Pension plan. The new law makes it difficult to reenlist retired chimps for further studies.

Research Chimps Get Retirement

President Clinton signed into law yesterday a retirement plan for chimpanzees who have helped to further medical science. The Chimpanzee Health Improvement, Maintenance, and Protection (CHIMP) Act authorizes the Department of Health and Human Services to spend $30 million to set up and administer a system of retirement sanctuaries for lab chimpanzees. But the National Institutes of Health (NIH), which claims the law would make valuable animals unavailable to researchers, persuaded Clinton to criticize parts of the measure.

In the early 1980s, NIH launched a breeding program to satisfy an expected growth in demand for chimpanzees in HIV trials. But that demand never materialized once researchers discovered that most chimps do not get sick from HIV. U.S. biomedical research facilities currently care for approximately 1600 chimpanzees, which can live up to 50 years. In 1997, the National Academy of Sciences recommended that the government set up a system of sanctuaries to house unneeded animals more cheaply than at research facilities.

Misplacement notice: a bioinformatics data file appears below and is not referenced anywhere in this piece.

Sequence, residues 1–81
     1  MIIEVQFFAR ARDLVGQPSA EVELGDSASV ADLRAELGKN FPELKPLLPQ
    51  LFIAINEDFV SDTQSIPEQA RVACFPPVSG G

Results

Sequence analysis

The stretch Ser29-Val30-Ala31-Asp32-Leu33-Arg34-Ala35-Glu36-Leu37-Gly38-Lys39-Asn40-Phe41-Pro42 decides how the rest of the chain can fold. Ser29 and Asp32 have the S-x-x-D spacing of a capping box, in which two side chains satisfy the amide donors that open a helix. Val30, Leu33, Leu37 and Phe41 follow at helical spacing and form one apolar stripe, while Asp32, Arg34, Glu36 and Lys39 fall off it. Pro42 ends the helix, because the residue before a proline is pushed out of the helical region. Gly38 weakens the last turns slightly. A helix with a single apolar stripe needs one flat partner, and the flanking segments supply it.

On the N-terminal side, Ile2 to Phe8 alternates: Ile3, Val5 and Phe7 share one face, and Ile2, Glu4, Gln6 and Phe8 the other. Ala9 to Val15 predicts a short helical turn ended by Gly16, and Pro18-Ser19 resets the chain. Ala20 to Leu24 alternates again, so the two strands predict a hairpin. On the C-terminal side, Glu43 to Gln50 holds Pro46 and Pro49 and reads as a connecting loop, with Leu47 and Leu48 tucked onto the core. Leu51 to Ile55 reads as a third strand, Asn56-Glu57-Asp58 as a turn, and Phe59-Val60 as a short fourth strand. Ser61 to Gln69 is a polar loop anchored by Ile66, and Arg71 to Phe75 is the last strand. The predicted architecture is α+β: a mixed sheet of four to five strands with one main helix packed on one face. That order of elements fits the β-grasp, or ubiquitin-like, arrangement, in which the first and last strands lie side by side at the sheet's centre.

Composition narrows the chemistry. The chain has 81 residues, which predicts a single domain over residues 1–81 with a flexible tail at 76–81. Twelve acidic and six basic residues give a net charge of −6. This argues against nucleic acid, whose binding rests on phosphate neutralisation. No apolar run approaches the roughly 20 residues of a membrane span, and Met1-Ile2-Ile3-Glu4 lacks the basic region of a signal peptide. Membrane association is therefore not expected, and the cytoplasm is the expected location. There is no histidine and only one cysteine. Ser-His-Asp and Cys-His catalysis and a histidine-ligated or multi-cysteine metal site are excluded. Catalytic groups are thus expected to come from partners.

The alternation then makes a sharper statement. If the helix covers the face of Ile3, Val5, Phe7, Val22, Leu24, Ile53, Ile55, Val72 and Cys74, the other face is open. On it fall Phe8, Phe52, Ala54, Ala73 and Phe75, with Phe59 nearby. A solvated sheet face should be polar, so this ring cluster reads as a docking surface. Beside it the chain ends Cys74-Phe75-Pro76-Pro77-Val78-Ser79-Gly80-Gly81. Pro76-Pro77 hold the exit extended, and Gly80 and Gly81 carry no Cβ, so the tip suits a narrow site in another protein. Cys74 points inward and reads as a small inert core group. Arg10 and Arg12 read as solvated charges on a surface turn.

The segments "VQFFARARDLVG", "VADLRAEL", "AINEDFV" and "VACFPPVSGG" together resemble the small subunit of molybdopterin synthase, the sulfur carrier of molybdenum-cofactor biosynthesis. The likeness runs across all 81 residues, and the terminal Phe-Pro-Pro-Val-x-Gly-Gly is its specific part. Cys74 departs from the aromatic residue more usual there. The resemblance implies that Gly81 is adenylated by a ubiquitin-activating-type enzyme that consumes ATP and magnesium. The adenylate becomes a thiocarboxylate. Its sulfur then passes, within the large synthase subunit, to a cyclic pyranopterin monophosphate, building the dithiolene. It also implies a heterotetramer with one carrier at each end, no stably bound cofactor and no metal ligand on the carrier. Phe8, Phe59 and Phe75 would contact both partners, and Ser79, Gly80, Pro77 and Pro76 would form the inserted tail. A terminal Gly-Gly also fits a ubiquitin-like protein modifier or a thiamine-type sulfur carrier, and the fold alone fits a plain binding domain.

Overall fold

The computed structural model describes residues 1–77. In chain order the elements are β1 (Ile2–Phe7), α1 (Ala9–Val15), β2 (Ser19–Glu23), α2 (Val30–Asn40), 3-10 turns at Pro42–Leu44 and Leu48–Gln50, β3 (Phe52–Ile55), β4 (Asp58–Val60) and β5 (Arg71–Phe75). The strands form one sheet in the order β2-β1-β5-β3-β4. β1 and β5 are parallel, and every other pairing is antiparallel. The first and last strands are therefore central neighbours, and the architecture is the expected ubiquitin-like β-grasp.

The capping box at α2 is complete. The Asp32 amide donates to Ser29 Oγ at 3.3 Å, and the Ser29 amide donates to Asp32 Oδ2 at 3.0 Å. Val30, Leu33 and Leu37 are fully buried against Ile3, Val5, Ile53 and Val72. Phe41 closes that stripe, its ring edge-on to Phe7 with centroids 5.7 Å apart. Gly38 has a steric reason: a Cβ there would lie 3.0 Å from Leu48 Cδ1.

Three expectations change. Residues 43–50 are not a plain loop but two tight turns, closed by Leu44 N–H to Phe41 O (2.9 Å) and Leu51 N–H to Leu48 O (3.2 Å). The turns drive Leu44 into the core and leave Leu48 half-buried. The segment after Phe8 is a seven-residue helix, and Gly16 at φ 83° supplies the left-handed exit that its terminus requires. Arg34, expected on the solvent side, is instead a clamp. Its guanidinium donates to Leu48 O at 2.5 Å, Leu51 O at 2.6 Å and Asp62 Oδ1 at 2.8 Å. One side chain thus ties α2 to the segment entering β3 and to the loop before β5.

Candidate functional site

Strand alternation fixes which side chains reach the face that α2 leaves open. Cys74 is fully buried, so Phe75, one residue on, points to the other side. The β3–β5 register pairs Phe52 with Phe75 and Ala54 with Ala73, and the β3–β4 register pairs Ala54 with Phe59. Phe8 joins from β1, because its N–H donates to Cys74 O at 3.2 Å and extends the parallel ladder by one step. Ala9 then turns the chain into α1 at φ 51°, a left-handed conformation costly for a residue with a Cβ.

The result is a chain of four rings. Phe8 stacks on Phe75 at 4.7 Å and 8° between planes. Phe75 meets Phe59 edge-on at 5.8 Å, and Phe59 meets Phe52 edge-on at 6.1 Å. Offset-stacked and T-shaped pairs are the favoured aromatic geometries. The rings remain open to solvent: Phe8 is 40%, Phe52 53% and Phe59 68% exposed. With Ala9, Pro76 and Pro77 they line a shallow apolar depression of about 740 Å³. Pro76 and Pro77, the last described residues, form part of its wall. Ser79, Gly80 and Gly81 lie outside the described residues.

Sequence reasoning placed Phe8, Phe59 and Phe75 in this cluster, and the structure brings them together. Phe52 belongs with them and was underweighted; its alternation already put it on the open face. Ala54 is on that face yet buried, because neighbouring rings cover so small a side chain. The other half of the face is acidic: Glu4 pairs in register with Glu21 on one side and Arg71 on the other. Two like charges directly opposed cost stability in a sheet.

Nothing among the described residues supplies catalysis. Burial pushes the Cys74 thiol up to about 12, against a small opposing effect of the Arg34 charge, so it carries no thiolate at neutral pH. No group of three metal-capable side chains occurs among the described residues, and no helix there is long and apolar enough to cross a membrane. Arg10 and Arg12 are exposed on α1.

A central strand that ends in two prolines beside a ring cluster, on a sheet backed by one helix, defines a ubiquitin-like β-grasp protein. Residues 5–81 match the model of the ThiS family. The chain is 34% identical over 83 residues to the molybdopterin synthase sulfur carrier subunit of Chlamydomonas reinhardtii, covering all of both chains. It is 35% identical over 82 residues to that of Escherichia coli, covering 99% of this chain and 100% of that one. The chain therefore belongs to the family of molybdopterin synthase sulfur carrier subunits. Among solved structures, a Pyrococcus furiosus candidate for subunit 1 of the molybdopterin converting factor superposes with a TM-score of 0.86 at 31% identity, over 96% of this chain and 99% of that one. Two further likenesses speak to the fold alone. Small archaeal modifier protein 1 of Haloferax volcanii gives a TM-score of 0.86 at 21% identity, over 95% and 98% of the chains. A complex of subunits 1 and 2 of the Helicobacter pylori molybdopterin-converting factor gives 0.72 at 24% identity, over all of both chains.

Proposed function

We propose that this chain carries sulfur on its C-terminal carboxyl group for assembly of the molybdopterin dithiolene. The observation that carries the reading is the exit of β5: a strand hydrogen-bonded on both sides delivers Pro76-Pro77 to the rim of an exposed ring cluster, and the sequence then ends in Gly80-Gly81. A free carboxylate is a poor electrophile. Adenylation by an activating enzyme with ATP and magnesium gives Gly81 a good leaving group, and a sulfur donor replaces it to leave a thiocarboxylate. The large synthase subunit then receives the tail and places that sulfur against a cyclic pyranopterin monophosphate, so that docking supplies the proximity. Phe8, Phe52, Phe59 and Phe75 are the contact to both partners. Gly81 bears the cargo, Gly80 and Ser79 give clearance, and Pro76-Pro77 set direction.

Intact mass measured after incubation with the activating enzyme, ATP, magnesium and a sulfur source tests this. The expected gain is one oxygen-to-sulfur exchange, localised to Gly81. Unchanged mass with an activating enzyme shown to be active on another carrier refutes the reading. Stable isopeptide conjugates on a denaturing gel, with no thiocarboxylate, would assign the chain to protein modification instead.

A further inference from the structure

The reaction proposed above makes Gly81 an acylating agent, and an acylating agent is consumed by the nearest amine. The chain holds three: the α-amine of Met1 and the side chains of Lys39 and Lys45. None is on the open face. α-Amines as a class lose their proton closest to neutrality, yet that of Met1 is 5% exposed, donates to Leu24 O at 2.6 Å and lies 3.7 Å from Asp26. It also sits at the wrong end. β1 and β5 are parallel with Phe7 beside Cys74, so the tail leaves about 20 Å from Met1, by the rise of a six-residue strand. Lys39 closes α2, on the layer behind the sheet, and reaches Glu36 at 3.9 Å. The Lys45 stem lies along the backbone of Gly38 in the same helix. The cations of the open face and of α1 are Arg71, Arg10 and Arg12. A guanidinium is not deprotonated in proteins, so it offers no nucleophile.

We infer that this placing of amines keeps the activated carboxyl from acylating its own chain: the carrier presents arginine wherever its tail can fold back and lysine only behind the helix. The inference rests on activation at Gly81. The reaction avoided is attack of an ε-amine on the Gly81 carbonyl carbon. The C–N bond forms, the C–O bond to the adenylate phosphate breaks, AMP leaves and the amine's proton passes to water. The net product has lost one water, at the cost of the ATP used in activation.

The measure represents an unhappy compromise for NIH officials and many animal welfare activists. Although activists sought "permanent retirement" for the chimps, the legislation allows research on retired chimps in "special circumstances," after approval by the sanctuary's board of directors and a 60-day public-comment period. "I don't think that's any kind of protection at all," says Eric Kleiman, a spokesperson for In Defense of Animals, an animal rights group in Mill Valley, California. But Chris Heyde of the Society for Animal Protective Legislation, a Washington, D.C., group that lobbied for the bill, says it would be difficult for researchers to bring the animals out of retirement. "We were able to sit down and put hurdles in the way," he says.

That's what worries NIH, which wanted the chimps easily available for future research on new pathogens or new vaccines. "Even though theoretically animals could be removed ... there are too many provisos," says Judith Vadukaidis, director of the National Center for Research Resources at NIH, which oversees federally funded primate research centers. Although the White House didn't want to veto the bill, it did issue a statement yesterday highlighting NIH concerns, and requesting that the new Congress and the new Administration amend the law.

Related sites
PDF-version of the CHIMP bill
Statement of the President on signing the CHIMP bill